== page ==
Very high-speed integrated circuit devices present many design challenges. For example, synchronized switching of a large number of circuits, as with a very high-speed clock, can create very large switching currents. Referring now to FIG. 1, an exemplary integrated circuit block 10 is illustrated. The circuit block 10 is connected to power supply VDD 14 and ground 18. The circuit block 10 comprises a large number of logic circuits capable of very high-speed operation. During normal operation, internal circuit nodes, such as NODE2 24 and NODE3 26 will switch states as synchronized by the system clock CLK 19. At any time, a large number of nodes may be switching. In addition, if a very high-speed clock frequency is used, then the switching speeds must be very fast. Where both a high switching speed and a high switching rate occur at the same time, a large switching current IVDD 28 is drawn on the VDD 14 line. These large switching currents can cause a substantial amount of switching noise to be coupled onto the VDD line 14 as shown. In very high-speed integrated circuit devices, VDD 14 is often set to a very low value of about 1V. A large switching noise can cause the circuit 10 to malfunction at such a low operating voltage level.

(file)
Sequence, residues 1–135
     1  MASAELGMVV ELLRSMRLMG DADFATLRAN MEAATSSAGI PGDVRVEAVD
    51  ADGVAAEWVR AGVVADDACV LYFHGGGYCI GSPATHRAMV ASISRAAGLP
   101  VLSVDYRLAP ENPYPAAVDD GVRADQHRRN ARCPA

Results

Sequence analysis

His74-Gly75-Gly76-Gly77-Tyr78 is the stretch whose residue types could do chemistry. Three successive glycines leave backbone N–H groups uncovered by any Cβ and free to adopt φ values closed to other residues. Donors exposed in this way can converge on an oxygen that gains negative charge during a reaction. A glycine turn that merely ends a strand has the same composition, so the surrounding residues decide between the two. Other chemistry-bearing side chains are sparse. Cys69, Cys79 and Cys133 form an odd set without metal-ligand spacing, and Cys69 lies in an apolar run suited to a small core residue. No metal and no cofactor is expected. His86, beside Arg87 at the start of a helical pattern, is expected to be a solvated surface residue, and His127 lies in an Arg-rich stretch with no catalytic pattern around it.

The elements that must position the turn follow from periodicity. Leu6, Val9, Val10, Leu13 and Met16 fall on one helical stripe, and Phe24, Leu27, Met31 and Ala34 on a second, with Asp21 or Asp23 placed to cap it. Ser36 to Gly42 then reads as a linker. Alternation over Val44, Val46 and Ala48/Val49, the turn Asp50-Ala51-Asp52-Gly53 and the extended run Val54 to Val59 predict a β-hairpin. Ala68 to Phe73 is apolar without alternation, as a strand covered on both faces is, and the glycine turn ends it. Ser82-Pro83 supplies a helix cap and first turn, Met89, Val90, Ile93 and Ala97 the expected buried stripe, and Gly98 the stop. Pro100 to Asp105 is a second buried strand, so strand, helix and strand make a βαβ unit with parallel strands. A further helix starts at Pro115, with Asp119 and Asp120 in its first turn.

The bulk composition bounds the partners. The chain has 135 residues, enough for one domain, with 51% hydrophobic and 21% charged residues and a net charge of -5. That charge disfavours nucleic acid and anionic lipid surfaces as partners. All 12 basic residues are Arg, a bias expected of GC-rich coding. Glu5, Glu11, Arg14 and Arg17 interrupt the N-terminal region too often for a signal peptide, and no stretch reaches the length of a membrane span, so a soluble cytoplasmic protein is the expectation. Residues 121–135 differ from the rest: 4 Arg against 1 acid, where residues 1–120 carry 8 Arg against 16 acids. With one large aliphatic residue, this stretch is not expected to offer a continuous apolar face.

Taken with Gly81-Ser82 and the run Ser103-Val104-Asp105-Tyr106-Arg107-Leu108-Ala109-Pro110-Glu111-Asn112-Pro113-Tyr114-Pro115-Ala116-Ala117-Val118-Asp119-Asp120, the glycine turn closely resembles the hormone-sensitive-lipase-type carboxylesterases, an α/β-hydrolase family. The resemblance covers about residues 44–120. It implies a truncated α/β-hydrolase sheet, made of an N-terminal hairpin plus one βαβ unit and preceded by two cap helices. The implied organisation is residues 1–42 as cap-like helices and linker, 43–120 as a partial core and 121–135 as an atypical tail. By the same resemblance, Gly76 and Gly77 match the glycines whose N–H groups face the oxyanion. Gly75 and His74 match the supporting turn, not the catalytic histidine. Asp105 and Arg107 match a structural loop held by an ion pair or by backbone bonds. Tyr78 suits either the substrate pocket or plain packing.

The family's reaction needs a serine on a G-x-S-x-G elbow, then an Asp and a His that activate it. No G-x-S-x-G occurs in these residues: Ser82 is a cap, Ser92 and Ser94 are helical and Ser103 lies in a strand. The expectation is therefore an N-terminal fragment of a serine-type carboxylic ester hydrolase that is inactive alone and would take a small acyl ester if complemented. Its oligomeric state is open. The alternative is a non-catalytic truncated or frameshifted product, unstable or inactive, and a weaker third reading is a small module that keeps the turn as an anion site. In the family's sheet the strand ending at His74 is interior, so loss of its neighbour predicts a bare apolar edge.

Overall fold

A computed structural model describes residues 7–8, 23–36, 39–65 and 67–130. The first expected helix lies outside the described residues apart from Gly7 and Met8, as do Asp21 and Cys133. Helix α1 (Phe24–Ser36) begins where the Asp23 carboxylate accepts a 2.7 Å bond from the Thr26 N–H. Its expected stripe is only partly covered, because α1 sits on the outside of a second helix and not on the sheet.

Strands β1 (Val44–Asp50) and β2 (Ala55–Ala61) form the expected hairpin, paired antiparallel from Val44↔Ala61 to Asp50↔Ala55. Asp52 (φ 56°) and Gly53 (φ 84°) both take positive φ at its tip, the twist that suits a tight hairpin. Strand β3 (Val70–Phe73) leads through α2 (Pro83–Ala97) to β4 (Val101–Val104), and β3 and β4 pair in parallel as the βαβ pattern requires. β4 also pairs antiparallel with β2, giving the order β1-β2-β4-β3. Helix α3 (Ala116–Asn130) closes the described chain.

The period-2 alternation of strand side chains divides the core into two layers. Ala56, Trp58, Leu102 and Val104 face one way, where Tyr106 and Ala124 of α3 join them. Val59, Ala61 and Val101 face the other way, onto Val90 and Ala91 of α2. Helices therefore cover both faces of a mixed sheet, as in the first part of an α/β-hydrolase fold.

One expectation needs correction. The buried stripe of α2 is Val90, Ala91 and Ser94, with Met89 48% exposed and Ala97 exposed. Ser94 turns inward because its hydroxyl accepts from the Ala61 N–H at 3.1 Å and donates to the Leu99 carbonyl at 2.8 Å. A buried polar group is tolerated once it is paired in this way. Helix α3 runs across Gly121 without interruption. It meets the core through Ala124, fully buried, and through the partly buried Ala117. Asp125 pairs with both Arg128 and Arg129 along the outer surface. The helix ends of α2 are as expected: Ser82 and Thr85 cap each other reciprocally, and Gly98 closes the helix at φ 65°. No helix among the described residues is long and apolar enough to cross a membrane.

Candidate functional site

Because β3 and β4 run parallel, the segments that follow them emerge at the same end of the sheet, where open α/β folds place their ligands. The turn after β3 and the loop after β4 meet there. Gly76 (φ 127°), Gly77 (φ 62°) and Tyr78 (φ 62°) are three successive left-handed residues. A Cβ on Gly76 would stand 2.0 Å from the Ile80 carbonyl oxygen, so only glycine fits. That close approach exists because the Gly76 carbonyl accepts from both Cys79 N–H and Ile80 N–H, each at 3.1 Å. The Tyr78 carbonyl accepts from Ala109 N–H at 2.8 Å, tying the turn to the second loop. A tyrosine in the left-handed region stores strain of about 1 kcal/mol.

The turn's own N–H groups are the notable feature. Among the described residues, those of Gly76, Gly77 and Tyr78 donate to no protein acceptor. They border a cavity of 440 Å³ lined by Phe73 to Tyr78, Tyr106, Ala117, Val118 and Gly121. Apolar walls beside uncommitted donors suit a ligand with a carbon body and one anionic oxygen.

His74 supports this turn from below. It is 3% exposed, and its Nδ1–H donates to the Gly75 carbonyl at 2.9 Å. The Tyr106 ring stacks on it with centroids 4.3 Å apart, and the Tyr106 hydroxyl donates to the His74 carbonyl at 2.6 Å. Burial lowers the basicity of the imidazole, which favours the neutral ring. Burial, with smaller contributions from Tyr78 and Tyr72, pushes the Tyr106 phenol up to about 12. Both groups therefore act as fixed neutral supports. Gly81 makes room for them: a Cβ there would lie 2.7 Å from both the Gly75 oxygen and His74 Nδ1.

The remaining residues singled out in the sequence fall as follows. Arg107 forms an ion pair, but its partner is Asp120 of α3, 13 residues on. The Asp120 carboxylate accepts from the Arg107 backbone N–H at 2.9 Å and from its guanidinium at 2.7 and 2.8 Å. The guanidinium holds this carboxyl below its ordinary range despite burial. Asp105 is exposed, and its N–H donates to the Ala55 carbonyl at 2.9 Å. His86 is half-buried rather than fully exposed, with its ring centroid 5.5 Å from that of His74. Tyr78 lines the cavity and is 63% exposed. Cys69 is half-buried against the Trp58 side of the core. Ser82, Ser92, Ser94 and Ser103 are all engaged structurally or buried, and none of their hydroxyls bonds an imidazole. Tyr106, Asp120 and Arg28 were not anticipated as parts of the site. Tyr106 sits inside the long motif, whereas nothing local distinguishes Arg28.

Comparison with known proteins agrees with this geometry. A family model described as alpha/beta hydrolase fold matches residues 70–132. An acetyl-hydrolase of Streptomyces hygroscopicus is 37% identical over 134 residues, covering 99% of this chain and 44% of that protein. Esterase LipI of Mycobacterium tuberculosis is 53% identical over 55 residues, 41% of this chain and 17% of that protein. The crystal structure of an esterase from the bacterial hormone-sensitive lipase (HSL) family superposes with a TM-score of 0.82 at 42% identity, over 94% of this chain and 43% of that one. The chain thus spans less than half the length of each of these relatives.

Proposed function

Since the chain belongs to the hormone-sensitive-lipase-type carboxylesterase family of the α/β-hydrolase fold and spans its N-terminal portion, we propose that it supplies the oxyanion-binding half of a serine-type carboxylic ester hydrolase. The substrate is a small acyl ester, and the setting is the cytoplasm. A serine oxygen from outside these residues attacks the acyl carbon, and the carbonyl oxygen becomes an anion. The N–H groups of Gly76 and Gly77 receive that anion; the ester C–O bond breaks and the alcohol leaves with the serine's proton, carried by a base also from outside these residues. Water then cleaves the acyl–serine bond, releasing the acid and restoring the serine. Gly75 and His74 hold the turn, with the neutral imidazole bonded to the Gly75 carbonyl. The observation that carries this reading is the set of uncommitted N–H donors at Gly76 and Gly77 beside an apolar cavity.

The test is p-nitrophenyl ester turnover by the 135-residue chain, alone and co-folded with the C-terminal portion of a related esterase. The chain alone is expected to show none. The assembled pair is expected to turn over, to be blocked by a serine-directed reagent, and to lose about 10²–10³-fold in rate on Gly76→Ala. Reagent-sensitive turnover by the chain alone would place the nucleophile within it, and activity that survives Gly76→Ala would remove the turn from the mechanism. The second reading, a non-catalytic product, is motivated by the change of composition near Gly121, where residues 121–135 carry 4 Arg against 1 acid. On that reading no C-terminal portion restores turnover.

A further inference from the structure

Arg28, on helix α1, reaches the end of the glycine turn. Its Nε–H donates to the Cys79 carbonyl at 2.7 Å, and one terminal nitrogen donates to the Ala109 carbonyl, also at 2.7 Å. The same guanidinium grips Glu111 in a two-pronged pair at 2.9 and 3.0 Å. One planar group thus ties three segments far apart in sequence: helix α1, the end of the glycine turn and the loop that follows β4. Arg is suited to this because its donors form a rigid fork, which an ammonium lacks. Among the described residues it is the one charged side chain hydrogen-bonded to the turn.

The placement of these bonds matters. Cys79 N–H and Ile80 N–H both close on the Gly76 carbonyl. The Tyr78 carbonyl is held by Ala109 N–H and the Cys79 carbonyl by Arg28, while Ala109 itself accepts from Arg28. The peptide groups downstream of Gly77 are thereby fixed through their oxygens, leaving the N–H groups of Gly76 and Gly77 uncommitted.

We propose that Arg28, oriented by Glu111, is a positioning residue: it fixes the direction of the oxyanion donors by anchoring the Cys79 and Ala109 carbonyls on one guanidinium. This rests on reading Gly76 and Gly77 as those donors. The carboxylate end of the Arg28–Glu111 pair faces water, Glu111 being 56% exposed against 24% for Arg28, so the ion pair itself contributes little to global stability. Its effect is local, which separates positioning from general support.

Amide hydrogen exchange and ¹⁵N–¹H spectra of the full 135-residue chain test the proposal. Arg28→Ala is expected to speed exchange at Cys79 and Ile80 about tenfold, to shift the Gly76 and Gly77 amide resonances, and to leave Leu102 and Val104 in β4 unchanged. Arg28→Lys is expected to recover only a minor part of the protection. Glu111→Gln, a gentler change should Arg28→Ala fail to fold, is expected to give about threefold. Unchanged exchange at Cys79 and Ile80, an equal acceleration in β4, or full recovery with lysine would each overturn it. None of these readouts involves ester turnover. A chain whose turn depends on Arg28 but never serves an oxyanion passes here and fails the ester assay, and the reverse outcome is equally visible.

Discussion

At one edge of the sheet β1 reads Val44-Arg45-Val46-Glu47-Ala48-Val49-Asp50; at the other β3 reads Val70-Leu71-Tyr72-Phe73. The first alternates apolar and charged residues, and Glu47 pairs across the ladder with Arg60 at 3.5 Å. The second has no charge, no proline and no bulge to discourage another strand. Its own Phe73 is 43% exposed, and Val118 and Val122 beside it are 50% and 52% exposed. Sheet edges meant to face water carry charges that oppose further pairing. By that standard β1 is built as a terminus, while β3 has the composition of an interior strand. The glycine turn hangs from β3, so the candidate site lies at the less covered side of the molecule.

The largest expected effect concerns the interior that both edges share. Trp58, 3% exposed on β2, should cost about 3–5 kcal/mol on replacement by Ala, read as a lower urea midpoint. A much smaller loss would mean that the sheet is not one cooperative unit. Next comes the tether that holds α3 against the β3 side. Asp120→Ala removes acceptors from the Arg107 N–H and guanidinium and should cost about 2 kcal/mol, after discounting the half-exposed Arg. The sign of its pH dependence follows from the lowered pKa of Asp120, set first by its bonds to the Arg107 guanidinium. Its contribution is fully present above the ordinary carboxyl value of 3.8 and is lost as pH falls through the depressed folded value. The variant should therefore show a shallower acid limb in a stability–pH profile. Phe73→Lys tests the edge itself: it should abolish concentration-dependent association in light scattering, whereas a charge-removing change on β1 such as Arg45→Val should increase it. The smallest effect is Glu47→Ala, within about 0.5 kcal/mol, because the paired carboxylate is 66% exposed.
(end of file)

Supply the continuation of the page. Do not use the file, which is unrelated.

Referring now to FIG. 2, it has been found in the prior art that the addition of capacitance between the power supply VDD 32 and ground VSS 34 of an integrated circuit 30 can reduce the effect of switching current. High frequency components of the switching noise are shunted from VDD 32 to VSS 34 through a decoupling capacitance CD 36.